Tuesday, January 12, 2016

A writing Q & A

Definitely NOT the author
I recently came across a set of answers I gave to an interviewer several years ago and was relieved to see that they still describe my approach to this writing business. (So I must have been telling the truth.) Here’s how they went.

1) In order to meet a writing goal, do you write down the date you wish to have your manuscript completed?
No. Even though the word ‘deadline’ suggests a finite point (which may well be the case for some publishers or academic examiners, etc.), it’s really notional. Not notional to the extent that you can make it spread over a year or so, but in that it indicates a period towards the end of a month, say, by which you should have got the job done. Much more compelling is the impetus of the work itself. If anything provides the push to get the thing done, it’s the novel’s internal drive. Your characters insist on moving towards the resolution and, when the end is near, the euphoria of knowing that you’re about to slot the final pieces together is much more compelling than the artificial mark on the calendar.

2) If you have a publisher, do THEY dictate to you the date your manuscript will be completed?
Some do, others are still aware that the creative process isn’t an automated procedure. If you’ve promised them a draft by a particular time, your professionalism should make sure they get it, but you and they then need to recognize that second thoughts on your part and queries/suggestions from them will necessitate rewritings and a period of reflection. If you’re writing to someone else’s orders, you’re giving up control of some important parts of the process.

3) In order to meet your deadline, how often, and how long do you spend working on your writing project?
This will sound like a glib or facile answer but the truth is that it’s the project which dictates that. Whether you’re talking about a play, poem, short story, novel – each takes as long as it takes. The pleasure of being involved in creating an intrigue involving people interacting with one another is so absorbing that you lose track of time. If you’re thinking of the deadline, you’re not giving the work the attention it has to have. If progress stalls, you have to find some technique to get it going again or bring it to a conclusion. For academic exercises, of course, it’s different, since the tutors are calling the tune – but writing, in all its forms, only works properly if the writer is in charge.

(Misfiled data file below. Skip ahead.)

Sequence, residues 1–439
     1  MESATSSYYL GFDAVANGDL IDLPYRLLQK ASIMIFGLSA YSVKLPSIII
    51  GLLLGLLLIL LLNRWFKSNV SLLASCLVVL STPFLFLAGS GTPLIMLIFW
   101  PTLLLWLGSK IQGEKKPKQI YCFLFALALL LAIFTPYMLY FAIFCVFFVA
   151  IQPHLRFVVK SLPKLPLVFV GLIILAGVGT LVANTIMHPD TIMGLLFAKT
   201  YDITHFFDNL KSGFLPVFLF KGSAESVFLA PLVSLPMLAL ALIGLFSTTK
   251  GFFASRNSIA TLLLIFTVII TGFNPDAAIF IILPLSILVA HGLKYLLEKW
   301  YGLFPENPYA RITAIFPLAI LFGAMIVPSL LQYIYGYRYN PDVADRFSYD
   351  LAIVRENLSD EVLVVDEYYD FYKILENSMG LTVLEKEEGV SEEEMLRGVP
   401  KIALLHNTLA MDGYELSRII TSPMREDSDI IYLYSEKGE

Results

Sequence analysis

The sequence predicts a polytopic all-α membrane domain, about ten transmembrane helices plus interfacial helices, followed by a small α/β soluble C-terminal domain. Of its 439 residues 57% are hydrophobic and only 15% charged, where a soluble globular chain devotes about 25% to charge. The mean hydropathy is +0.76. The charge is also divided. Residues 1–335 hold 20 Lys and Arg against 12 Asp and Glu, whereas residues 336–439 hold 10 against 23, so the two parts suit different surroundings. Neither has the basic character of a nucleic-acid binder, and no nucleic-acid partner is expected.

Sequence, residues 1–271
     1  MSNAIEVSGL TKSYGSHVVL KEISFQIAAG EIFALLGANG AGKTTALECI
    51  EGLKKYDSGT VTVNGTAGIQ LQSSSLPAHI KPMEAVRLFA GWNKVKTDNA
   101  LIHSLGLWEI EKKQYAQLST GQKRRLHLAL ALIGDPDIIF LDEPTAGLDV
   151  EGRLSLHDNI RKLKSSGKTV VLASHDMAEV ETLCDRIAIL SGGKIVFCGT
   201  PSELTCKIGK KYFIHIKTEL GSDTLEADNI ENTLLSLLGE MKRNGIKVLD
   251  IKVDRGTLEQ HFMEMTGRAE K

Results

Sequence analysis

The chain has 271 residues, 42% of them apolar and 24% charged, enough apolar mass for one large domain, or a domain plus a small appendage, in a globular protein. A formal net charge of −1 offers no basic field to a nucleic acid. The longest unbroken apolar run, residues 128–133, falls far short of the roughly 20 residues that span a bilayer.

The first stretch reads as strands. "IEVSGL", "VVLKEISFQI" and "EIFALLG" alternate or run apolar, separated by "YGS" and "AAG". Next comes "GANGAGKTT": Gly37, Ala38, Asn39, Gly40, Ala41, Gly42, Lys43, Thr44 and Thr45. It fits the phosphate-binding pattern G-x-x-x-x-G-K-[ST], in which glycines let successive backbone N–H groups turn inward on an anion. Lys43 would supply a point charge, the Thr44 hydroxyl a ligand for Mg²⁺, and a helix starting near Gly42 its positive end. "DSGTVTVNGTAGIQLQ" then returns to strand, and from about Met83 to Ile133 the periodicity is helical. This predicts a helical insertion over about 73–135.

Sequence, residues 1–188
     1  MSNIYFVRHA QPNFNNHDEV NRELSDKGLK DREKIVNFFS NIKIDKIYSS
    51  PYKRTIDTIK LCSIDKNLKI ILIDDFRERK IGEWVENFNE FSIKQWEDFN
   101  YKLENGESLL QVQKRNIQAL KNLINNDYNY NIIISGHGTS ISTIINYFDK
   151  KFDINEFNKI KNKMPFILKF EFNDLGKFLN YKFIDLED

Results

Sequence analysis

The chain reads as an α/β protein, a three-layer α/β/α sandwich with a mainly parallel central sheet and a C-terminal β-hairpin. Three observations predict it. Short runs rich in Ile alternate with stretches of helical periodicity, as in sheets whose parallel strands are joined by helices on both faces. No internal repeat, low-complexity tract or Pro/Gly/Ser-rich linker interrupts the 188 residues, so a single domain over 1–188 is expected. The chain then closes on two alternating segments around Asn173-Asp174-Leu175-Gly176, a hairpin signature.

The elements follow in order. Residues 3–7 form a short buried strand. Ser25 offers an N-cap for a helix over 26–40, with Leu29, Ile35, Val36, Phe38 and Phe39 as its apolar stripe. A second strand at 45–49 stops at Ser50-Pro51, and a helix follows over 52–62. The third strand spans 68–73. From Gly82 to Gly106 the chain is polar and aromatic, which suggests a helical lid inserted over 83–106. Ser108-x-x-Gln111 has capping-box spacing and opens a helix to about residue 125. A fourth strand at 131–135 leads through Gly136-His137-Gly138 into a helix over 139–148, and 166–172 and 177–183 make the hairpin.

4) What do you do to keep those writing juices flowing?
Look around, watch people, speculate on their motives, feel their elations and their sorrows. And trust your characters – even the nasty ones. They’ll always take you on surprising journeys. Writing is a compulsion.

6) Do you do outlines for your novels?
No. I know overall where I want to be heading before I start. There’s an issue I want to address, a character I want to explore, an anger I want to externalize, a remark I want someone to make – all sorts of things provide a starting point. So I have a notion of what the tone of the writing will be and maybe of some major turning point I intend to reach. But then, as the fiction begins to build, it’s the characters who take over to a certain extent. They lead the narrative in directions which often surprise me. They add details I hadn’t suspected were there and, in the process, they force me to adapt my original plan. It’s still the same basic drive and the purpose remains relatively unchanged, but the way in which I convey it is coloured by what my characters allow me to do.

When it comes to rewriting, I correct some of the wilder fancies they’ve had and bring them back within the scope of the book but the process from conception to delivery (sorry to use an obstetrical image but, as a man, it’s the closest I’ll ever get to having a baby – albeit without the pain) is organic, unstable.

However long the novel, until the final full stop’s been added, all it has is potential.  If I started with a rigid notion of its shape, I’d be inhibiting that. In fact, the only time I imposed a preordained structure on a piece was with a radio play. I was very keen to maintain a specific set of images, so I made the characters do exactly what was necessary to achieve that. After the broadcast, a well-known critic reviewed the play in a respectable journal. His review began ‘This is a tiresome play about tiresome people.’ He was right.


Jackie King said...

I really enjoyed your answers to these questions. And as a woman who gave birth to three children, I have to say that finishing a novel is very much like delivering a baby. The pain is emotional and mental instead of physical.

Bill Kirton said...

Indeed, Jackie, but the subsequent pride compensates for all of it (at least in the non-obstetric version).

Jean Henry Mead said...

I agree, Jackie. I've also heard it said that publishing a book is the closest men ever experience to giving birth.

Jackie King said...

I'm so glad you agree, Jean!